The wrong award choice - part II
Late last year, I wrote about how Jacques Kallis' amazingly relevant batting display should have earned him the man of the series award
against India in the one-day series.
This time, I train my guns on Kevin Pietersen, one of Wisden's cricketers of the year
and the ICC's one-day player award winner for 2005
In the recently concluded one-day series against India, Pietersen scored 291 runs from 5 games
at an average of 58 and a strike rate of 93. Superb stats those, perhaps hinting that he was clearly the best batsman on view. The problem is that he didn't do what was expected of him - score centuries (or at least one!) as the
world's best one-day batsman. His scores were 46(49), 71(87), 77(82), 33(40) and 64(56). Not a single knock which had the potential to impact the way the game/series turned out. Even England's lone win was primarily because of a good bowling performance and a blitz start from Strauss & Bell. In fact, barring the last game, everytime Pietersen got out, England either collapsed or suffered a real scare (at Jamshedpur).
So effectively, he just didn't do what his job was, especially considering England were missing Marcus Trescothick
. For that reason alone, I'd have given Kevin Pietersen the Man of the Series award. His inability to make the big score was a huge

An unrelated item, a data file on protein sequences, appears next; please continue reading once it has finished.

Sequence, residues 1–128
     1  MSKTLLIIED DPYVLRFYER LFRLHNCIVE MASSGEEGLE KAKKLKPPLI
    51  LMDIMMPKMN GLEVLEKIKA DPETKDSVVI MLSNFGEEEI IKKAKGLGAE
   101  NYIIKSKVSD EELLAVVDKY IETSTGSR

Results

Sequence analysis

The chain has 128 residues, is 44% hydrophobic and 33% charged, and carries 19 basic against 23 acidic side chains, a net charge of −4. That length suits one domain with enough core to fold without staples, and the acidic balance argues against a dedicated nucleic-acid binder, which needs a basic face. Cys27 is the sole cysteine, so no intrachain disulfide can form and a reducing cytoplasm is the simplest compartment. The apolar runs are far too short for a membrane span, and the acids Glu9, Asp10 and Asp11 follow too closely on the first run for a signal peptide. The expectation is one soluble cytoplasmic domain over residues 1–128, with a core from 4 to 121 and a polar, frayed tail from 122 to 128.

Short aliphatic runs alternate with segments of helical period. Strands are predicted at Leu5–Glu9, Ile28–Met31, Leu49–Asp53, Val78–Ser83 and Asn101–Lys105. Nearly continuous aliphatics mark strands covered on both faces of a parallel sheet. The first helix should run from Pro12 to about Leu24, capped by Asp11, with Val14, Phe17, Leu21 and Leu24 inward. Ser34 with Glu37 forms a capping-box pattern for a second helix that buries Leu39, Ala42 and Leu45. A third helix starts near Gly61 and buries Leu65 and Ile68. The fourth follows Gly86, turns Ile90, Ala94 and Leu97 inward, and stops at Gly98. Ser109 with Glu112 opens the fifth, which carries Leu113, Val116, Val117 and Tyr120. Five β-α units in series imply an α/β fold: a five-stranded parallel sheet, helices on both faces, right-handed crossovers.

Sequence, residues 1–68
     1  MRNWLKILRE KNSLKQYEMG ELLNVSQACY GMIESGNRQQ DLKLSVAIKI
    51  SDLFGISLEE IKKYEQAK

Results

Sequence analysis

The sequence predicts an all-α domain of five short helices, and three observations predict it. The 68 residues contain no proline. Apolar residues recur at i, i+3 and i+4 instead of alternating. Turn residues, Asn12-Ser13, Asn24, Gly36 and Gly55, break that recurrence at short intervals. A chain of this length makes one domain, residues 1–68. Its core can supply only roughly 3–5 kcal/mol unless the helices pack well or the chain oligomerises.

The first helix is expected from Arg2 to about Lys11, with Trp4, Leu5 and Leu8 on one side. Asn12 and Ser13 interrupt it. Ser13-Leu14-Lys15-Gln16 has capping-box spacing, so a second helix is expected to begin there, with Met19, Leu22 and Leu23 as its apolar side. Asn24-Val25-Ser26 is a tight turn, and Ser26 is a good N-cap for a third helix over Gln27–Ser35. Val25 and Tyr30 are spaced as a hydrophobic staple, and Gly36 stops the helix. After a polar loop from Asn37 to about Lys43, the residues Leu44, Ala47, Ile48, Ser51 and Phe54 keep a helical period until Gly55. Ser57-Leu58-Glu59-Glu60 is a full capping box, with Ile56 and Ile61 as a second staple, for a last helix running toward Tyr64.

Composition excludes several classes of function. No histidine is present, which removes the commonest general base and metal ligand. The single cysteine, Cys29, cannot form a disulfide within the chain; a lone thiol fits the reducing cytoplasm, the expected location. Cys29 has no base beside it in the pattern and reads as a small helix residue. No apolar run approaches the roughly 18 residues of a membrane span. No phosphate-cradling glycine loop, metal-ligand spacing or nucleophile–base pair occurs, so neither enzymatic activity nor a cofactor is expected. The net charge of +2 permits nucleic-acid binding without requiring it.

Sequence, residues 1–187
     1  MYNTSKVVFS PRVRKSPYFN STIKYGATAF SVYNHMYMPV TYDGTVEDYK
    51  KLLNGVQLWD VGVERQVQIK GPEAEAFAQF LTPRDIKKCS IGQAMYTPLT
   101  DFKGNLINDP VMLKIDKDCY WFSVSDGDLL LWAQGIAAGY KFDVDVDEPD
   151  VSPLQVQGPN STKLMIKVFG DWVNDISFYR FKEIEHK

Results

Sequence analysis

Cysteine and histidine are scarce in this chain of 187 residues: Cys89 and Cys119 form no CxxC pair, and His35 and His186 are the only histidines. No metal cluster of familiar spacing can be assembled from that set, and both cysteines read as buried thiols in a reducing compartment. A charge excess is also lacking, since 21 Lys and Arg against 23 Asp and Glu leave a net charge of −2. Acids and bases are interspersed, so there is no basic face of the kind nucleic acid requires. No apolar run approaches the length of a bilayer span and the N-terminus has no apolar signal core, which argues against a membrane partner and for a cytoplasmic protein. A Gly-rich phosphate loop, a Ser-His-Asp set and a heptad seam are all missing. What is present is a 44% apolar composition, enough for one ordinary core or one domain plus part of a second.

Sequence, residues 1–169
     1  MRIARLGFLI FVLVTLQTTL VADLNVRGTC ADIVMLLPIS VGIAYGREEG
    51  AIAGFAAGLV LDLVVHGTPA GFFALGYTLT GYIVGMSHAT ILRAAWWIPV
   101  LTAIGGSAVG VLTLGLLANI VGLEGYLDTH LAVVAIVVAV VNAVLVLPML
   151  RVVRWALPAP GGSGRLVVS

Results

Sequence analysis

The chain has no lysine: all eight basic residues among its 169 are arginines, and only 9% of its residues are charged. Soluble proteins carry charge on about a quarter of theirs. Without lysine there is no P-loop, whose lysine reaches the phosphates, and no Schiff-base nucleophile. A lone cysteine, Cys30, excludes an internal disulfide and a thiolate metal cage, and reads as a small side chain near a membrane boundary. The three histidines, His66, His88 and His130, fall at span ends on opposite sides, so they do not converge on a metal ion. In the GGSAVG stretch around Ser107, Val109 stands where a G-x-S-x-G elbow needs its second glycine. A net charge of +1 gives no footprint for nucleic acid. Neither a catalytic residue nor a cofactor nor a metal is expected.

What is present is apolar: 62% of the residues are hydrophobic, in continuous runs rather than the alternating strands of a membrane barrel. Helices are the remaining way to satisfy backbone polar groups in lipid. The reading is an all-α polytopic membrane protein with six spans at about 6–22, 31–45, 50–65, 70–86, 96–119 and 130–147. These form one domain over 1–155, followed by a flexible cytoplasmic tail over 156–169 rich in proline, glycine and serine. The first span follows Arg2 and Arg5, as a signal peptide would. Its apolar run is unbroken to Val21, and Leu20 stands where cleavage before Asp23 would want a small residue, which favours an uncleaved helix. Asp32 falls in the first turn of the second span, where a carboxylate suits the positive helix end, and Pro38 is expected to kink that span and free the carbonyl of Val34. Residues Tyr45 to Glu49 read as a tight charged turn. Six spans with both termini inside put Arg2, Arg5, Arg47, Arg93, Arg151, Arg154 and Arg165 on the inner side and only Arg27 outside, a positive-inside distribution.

factor in India whipping
But that isn't all to this post. After the first day of the Mohali test
, he proudly proclaimed that mauling spinners was his idea of fun
Looking at the ball-by-ball commentary and the player-v-player stats for the one-day series, he scored 161 runs in 187 balls when spinners were bowling to him and 130 runs off 127 balls against the fast-medium/medium-fast bowlers. In addition, in the five innings he played (he didn't play at Goa and Guwahati
was a non-starter), he got out to Yuvraj Singh thrice and Harbhajan Singh twice.
After his slog-sweep triggered a shocking England collapse at the Kotla
, Pietersen continued to proclaim that the slog-sweep was his favourite and most effective shot against spin
This series, he has got out thrice playing the slog-sweep. It is almost becoming laughably predictable now that he will get out that way. In fact I did a bit of digging up on his past record against spin. From the various ball-by-ball commentary, and some of the instances where I watched the dismissal live), the likes of Clarke, Boje, Warne and (gasp!) Matsikenyeri had already dismissed him to slog-sweeps before he came to India.
During the NatWest triangular last summer in England
, I wrote:
I was checking on Kevin Pietersen's stats, given that he is fast approaching an iconic status as far as this blog is concerned. I found that in his brief one-day career so far, on the six occasions that he has been dismissed, four have been to spin. Add in the fact that Michael Clarke picked him up twice early on in the tour and there is obviously something for opposing captains to think about. From what I've seen, he does tend to go hard at the ball, preferably over the infield. So when you have someone bowling slow spinners, he could tend to either overbalance or lose control of his shot.
Kevin, you can keep hitting your favourite slog sweep. But if you hit two sixes in an over and get out in the next, there's no prize for guessing who won the battle and who won the war, although I hate using military metaphors in a cricketing context!